A service charge is a mechanism contained in a lease that allows the landlord to recover its running costs in relation to the estate or the common parts of buildings from its tenant. Service charges can be complicated and costly and they are therefore often highly contentious. A particularly stark example of this is the recent Supreme Court case of Arnold v Britton [1]. Commercial and Real Estate Litigation specialists Malcolm Simpson and Martin McKeague explain.

As with any other contractual clause, the wording of a service charge provision is key and the starting point when a dispute arises is the wording of the clause itself. The general rule is that the contract is king.

Arnold v Britton concerned the service charge provisions in 25 holiday chalet leases. In accordance with the ordinary natural meaning of the wording of the relevant clause [2], both the High Court and the Court of Appeal had previously agreed with the landlord that the provisions obliged the tenants to pay a fixed yearly service charge amount which rises at the rate of 10% per annum, irrespective of the cost to the landlord of providing services. This interpretation meant, however, that service charges payable per year would top over £½ million by the end of the leases, which are of modest holiday chalets, the use of which is restricted to half of each year only. The economic consequences of this interpretation were devastating for the tenants, hence the appeal to the Supreme Court.

The appeal was dismissed and the highest court in England and Wales took the opportunity to clarify the correct approach to contractual interpretation.

Correct approach to contractual interpretation

Whilst consideration of commercial common sense can, in the right circumstances, be taken into account, it should not undermine the importance of the clear language of a clause.

  • The starting point is the wording of the contract itself.
  • An objective test - that of what the reasonable businessperson would understand the clause to mean - is applied to ascertain the parties’ intention at the time the contract was entered into.
  • Commercial common sense can be a consideration, but:
    • it cannot be invoked ‘after the fact’ - it is only relevant to ascertaining how matters would or could have been perceived when the contract was made;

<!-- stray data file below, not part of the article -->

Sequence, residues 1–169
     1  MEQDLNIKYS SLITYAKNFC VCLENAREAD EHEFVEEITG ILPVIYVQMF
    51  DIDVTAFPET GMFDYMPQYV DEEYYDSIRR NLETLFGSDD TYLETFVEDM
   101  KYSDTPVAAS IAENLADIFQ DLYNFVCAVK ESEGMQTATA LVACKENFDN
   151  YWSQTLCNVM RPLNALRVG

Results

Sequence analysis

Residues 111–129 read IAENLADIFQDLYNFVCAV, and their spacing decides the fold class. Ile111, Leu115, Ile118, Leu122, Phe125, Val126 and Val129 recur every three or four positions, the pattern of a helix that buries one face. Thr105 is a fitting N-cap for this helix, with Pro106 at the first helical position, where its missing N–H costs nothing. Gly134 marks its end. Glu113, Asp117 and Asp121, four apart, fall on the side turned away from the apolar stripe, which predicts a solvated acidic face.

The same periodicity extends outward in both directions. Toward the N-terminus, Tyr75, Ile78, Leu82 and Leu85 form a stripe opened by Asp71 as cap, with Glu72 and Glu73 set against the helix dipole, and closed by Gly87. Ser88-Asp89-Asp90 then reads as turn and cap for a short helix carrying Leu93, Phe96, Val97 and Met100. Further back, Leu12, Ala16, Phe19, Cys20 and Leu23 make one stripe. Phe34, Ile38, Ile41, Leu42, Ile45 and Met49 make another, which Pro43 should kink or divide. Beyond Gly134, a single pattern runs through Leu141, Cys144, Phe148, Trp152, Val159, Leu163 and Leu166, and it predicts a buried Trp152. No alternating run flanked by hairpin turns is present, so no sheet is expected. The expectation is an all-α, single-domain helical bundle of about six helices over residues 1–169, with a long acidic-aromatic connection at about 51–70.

• where there are two or more tenable interpretations, the most commercially sensible option will be preferred;
    • it is not for the court to depart from clear contractual wording even where that represents a bad bargain for any party.
  • There is no general rule that service charge clauses should be interpreted restrictively to reflect a tenant’s limited interest in the property - such clauses are simply to be determined in accordance with general principles of contractual interpretation.

WM Comment

This decision was awaited with interest. The big question was whether commercial efficacy would become enshrined in service charge provisions and other commercial contract clauses. Despite a dissenting judgment [3], however, the law is now very clear as to the extent to which commercial common sense will influence interpretation.

The question now is what you can do if you face an unfavourable outcome in any of your commercial contracts.

  • Consider carefully the wording in the clause itself. If there is real uncertainty, then commercial common sense can be taken into account and may assist.
  • Is there any scope for settlement? It is rare for any contractual interpretation dispute to be clear cut. Even if the odds are stacked against you, the chances are that any grey area and inevitable litigation risk can be exploited in negotiations to encourage a commercial compromise.
  • In any event, it is good to talk. Interpretation disputes often arise by virtue of the fact that there is an ongoing contractual relationship between the parties. It can be in the interests of all concerned for the parties to behave in a reasonable and commercially sensible manner. We understand that, even in light of the Supreme Court’s decision, the landlord in the Arnold v Britton case has informally agreed to renegotiate the service charge provisions in question to index-link the annual increase, as this does represent reasonable modern commercial practice and it may be beneficial to all parties to help tenants to avoid future default.
  • Does the clause reflect the parties’ intentions at the time the contract was entered into? If it does not, is the contract capable of being rectified?
  • Alternatively, was the clause entered into in reliance on any misrepresentations? If so, the contract could be set aside and financial compensation could be payable.
  • Finally, consider whether you were properly advised when the lease or contract was completed. It is possible that any losses could be recouped via a professional negligence claim.